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Blockchain, digital assets: My New Year’s wish for the future of Open Business

digital asset 2022 chasm

This is a guest opinion post from Eric Saraniecki, Digital Asset’s Co-founder and Head of Strategic Initiatives.

2021 was a banner year for digital assets, blockchain, and distributed ledger technology (DLT). Market caps of cryptocurrencies eclipsed those of many Fortune 500 companies. Non-fungible tokens (NFT) dominated the collective consciousness. Nations banned crypto for the tenth year in a row. Markets reinvented shorting derivatives, and incumbents got kind of, sort of serious about participating.

The chasm between the challengers and the incumbents is widening, with the former sprinting toward occasionally overzealous innovation, and the latter often stuck in cycles of lift-and-shift with legacy technologies and methodologies. The innovators are winning because they are embracing the strategy of Open Business — a shift in mindset and architecture that enables a truly interconnected global economy.

Looking ahead to 2022, I see two main themes:

  • People are rediscovering the joy of owning and directing their investments
  • There is an enormous unrealized opportunity for TradFi to embrace the Open Business ethos.

The return of ownership mentality

The NFT boom may seem frivolous, but the euphoria around them is a serious, authentic expression of joy. People have rediscovered the pleasure of owning assets directly – not just holding the theoretical or contractual rights — and it’s not a fleeting trend.

Although NFTs don’t bestow actual ownership, they do grant holders the ability to direct assets as they see fit. People thrive on the autonomy that comes from engaging directly with the markets, creators, and issuers that catch their eye. Whether it’s an NFT or a more traditional asset class, the joy of ownership lies in the fact that it’s the individual’s risk tolerance — not that of their broker or a traditional intermediary — that determines the deployment of capital. This growing appetite for innovative ways to interact with markets is shifting the landscape in a profound way.

There is little doubt that open networks and the strategy of Open Business will continue to break into the broader capital markets. As this trend unfolds, I hope that large financial institutions, including central banks, will embrace the return to the ownership mindset. If they simply layer on blockchain and DLT technologies to their existing, deposits-based business models without adopting the ethos — as they may be tempted to do — they risk missing the transformative potential of the underlying technology.

We have already seen what happens when the major institutions lift-and-shift into transformational tech. For example, while online banking and mobile apps have enhanced convenience, they haven’t fundamentally changed the value proposition for customers. It wasn’t until the PayPals, Squares, Stripes, and Plaids of the world came along that we started to see what “online banking” could really mean. That connection between creators, issuers, investors, and end-users is one of the most powerful — and underestimated — attributes of open networks.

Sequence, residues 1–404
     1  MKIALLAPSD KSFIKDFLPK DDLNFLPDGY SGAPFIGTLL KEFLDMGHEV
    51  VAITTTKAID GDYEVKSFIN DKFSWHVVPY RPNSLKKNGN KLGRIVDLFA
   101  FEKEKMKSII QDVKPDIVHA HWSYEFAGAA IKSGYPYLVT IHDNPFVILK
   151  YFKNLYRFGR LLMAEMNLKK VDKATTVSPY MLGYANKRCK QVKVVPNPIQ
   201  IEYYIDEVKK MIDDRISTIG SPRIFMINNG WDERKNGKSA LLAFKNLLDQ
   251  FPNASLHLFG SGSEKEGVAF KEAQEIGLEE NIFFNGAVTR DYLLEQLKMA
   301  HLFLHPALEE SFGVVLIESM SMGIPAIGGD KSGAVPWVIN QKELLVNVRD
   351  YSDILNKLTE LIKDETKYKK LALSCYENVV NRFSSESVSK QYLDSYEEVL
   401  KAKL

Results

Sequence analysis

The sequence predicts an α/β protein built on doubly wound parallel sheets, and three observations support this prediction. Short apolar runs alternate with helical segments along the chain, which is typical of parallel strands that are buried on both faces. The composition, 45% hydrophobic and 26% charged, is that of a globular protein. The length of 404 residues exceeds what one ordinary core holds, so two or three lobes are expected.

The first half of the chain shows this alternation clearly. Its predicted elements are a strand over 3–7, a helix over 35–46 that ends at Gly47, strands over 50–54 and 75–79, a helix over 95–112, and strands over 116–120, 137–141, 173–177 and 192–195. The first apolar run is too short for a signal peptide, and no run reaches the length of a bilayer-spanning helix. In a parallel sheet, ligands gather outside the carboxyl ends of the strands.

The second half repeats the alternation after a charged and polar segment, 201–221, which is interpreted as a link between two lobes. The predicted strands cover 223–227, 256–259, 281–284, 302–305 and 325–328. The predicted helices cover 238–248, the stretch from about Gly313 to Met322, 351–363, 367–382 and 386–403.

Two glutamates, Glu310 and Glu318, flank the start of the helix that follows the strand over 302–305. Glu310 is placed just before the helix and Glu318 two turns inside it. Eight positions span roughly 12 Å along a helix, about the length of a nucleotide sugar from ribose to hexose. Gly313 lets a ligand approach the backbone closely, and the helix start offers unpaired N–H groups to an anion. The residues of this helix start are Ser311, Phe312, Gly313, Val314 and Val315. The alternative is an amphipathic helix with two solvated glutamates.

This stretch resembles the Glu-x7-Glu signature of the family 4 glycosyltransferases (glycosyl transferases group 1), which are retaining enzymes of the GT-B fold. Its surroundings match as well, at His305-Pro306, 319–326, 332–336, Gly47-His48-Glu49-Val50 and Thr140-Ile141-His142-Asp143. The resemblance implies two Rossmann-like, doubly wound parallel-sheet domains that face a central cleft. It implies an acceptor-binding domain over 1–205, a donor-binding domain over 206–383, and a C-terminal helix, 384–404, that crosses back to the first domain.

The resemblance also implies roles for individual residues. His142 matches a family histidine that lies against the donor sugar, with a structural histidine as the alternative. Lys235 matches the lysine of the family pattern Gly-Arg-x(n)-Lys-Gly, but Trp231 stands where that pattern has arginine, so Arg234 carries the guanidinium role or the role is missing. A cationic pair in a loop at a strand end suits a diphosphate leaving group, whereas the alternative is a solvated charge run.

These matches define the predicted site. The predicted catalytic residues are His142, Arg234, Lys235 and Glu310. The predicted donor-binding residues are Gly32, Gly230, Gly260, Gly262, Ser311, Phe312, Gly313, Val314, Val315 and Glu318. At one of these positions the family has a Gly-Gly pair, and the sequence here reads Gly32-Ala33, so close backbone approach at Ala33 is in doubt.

The opportunity for TradFi

Our capital markets infrastructure is built on the concept of cascading liabilities and consolidated, centralized ownership — all in the name of efficiency. That represents a tremendous risk to all investors, both big and small. It also means people don’t own anything directly. Not the stocks in their portfolio, the cash in their checking, or the Bitcoin in their Coinbase account. What people hold is a promise backed by the depository institution — the equivalent of a credit default swap without the yield.

My hope is that regulators will catalyze a wave of innovation by pushing for and supporting direct asset ownership. This would drive firms to offer a wider range of personalized services to anyone who can share, direct, and manage their own assets — crypto and otherwise — via DLT platforms or digital wallets. Firms would have to compete on services, experiences, and value-creation for customers, as they should.

Central banks have a once-in-a-generation opportunity to lead this revolution by expanding their ledgers and granting name-on-register access to all customers. Such a central bank digital currency (CBDC) system would propel us into a world where traditional institutions would no longer be depositories but true providers of financial services.

I have reason to be optimistic. The technology is ready for the Open Business revolution. We have many of the raw materials and ingredients we need for a smarter, safer, more client-centric financial system. New platforms, new business models, and new ways of thinking about the potential of those technologies are making this revolution tangible. My hope for 2022 is that we get closer to seeing it a reality.


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